Kate strikes gold, at last

Kate Winslet pulled off the expected on Sunday night, winning the Academy Award for best actress for her quietly powerful performance in The Reader.
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Updated on Feb 24, 2009 01:22 AM IST
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Agencies | By, Los Angeles

Kate Winslet pulled off the expected on Sunday night, winning the Academy Award for best actress for her quietly powerful performance in The Reader, while Sean Penn won his second best-actor Oscar for playing slain gay-rights pioneer Harvey Milk in Milk.

“I’d be lying if I haven’t made a version of this speech before,” the 33-year-old British actress said. “I think I was probably 8 years old and staring into the bathroom mirror and this (Oscar) would be a shampoo bottle. But it’s not a shampoo bottle now.”

She thanked her husband, director Sam Mendes, and their two children. And also thanked her father, saying, “Dad, whistle or something ‘cause then I’ll know where you are.” He whistled back.

This is the first Oscar for Winslet, who’s been nominated earlier for her roles in Titanic, Sense and Sensibility, Iris, Eternal Sunshine of the Spotless Mind and Little Children.

Winslet’s portrayal in The Reader of Hanna Schmitz — a woman having a passionate affair with a teenager who encounters her again years later while she is on trial for Holocaust crimes — was raw and restrained.

She gave credit to fellow best actress nominees — Meryl Streep, Anne Hathaway, Angelina Jolie and Melissa Leo — calling them “goddesses”. “I think we all can’t believe we are in the category with Meryl Streep at all.”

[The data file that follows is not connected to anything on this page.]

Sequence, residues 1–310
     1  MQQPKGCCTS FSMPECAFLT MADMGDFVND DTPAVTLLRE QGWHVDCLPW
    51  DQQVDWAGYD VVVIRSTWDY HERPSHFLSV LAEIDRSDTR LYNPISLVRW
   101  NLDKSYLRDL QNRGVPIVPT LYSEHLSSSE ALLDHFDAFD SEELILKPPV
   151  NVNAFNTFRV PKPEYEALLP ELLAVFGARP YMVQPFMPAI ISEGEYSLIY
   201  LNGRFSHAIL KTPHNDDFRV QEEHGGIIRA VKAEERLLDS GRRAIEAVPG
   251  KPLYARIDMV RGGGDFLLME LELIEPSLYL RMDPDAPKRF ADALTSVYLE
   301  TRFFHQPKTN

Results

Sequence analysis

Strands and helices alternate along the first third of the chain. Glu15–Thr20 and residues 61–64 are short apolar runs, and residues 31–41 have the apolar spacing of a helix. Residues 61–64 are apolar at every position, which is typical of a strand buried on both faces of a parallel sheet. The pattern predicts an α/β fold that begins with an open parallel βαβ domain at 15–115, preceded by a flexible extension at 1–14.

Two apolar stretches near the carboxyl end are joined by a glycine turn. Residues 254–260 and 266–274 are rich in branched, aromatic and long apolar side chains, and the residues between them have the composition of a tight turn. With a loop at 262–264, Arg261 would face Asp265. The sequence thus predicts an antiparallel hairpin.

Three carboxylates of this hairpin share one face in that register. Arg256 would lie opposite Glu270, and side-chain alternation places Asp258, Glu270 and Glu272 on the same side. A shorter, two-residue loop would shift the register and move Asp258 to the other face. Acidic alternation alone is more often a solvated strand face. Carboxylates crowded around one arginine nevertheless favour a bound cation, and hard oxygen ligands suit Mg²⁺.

Penn: The rebel with many causes

A darling of the anti-establishment who is famous for tackling powerful, challenging roles, Sean Penn is viewed as one of the finest actors and directors of his generation.

Penn, 48, has seen his stock rise since the mid-1990s, with his second Academy Award following the 2003 Mystic River.

Milk director Gus Van Sant, who describes Penn as “the Brando of our generation”, said the actor was his first choice for the role.

Screenwriter Dustin Lance Black said Penn’s performance was uncannily realistic. “I don’t know how he did it. Sean physically inhabited the body and soul of Harvey Milk.”

It was the latest milestone in a glittering career for Penn, a member of the 1980s “brat pack” who, despite great success and critical acclaim, remains a Hollywood outsider, something he acknowledged at Sunday’s ceremony.

“Thank you. You commie, homo-loving sons-of-a-gun. I did not expect this,” Penn said. “I wanted to be very clear that I do know how hard I make it to appreciate me often.”

As Penn’s career has flourished he has also become a vocal political activist, enraging conservative pundits in the US for his criticism of former president George W. Bush, who he said should be impeached.

He also urged those who have voted against gay marriage to rethink their position, urging them “to sit and reflect and anticipate their great shame and the shame in their grandchildren’s eyes if they continue that way of support”.

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